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"'Can you steer?' I asked the agent eagerly. He looked very dubious; but I made a grab at his arm, and he understood at once I meant him to steer whether or no." (2.23)
It is not the words "can you steer" but the gesture of grabbing the pilgrim’s arm that make him understand that Marlow wants him to steer. Language is ineffective in the interior, but gestures and human contact are not.
""We two whites stood over him, and his lustrous and inquiring glance enveloped us both. I declare it looked as though he would presently put to us some questions in an understandable language; but he died without uttering a sound, without moving a limb, without twitching a muscle." (2.23)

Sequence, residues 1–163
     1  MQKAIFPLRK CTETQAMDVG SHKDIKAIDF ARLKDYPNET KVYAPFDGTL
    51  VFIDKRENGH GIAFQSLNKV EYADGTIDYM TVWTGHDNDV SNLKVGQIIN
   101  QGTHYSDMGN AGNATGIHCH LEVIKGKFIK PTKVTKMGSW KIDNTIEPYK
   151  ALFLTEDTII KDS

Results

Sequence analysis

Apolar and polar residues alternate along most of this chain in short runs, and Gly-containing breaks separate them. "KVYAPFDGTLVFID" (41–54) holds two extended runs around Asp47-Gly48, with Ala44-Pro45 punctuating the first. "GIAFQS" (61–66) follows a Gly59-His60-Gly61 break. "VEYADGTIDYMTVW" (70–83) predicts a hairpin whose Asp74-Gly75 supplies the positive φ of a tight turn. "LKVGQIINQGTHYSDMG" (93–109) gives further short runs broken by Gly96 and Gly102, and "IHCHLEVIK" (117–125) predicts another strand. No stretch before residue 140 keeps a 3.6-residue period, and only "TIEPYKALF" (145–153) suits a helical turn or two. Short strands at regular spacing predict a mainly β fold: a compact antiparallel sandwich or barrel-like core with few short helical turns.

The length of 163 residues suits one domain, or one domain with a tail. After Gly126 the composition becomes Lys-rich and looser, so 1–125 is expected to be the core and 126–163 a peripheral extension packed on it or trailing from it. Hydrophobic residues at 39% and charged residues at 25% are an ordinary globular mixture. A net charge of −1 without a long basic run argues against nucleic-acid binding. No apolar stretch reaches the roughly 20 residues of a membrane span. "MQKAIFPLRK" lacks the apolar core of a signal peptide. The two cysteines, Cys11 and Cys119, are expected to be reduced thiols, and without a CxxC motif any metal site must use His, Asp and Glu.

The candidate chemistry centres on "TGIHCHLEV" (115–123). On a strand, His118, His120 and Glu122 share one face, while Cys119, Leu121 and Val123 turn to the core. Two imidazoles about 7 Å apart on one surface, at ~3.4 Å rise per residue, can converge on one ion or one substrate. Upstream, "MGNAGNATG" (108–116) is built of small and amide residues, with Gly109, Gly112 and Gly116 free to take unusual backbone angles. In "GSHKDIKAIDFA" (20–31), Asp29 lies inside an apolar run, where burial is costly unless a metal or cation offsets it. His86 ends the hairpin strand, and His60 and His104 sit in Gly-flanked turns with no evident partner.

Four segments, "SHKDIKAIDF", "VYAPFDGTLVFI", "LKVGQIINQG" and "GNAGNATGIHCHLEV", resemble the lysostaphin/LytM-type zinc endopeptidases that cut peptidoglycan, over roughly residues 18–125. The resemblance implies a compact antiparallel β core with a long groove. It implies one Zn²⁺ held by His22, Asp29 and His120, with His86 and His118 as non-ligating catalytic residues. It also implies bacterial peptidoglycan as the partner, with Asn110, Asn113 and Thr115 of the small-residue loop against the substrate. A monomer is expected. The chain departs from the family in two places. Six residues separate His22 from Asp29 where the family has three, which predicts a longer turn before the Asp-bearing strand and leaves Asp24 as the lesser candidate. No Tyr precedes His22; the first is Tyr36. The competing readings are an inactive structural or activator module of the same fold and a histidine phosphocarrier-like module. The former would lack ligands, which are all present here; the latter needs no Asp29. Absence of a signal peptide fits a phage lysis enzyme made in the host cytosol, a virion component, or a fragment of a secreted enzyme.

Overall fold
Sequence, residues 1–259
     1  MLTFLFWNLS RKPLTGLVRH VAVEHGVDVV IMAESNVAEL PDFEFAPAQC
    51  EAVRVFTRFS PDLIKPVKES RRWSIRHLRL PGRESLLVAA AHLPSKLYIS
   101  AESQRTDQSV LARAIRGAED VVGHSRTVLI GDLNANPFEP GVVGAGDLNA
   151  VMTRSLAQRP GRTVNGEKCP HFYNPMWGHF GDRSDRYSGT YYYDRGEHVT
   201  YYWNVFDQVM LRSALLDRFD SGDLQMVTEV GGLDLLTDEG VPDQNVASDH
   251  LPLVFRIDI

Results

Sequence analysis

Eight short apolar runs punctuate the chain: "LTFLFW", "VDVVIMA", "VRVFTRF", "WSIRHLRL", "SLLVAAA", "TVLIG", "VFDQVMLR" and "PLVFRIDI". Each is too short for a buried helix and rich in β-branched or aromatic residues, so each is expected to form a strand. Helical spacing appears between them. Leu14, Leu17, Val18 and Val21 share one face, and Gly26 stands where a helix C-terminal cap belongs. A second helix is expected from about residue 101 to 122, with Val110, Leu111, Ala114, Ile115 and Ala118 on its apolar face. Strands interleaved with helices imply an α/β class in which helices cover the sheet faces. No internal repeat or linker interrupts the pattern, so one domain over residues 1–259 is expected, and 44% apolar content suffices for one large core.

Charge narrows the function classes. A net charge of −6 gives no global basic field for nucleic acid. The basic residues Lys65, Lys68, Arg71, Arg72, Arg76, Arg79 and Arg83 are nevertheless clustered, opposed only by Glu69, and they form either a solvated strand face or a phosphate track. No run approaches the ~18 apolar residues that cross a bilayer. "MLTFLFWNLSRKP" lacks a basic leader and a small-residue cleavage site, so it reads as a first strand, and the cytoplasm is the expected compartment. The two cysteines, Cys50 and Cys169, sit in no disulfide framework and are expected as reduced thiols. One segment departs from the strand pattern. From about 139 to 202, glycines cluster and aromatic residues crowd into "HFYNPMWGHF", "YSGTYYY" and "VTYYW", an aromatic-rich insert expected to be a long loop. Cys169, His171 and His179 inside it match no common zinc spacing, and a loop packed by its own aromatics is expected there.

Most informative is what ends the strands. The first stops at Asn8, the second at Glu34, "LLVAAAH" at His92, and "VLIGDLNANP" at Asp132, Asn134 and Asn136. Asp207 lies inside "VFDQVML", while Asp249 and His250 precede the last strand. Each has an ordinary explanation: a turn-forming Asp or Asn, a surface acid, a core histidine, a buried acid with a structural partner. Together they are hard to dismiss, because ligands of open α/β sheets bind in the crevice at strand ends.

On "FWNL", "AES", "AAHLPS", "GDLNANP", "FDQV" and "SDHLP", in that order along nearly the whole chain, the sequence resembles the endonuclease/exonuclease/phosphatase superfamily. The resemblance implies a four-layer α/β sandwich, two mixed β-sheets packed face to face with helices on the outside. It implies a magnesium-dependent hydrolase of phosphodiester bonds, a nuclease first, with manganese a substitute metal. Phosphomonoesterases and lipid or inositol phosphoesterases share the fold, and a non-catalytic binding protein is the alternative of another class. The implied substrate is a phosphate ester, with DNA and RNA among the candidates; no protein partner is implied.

In his dying moments, the black helmsman communicates without words, through a simple gaze. Marlow feels as if he could understand the man if he tried to speak. Again, this understanding is achieved not with language, but with emotion.
"But what made the idea of attack inconceivable to me was the nature of the noise – of the cries we had heard. They had not the fierce character boding immediate hostile intention. Unexpected, wild, and violent as they had been, they had given me an irresistible impression of sorrow. The glimpse of the steamboat had for some reason filled those savages with unrestrained grief." (2.16)
Despite the fact that the native Africans’ cries had no comprehensible words, Marlow still understood one of the emotions communicated: sadness. While language is not universal, emotions, it seems, are.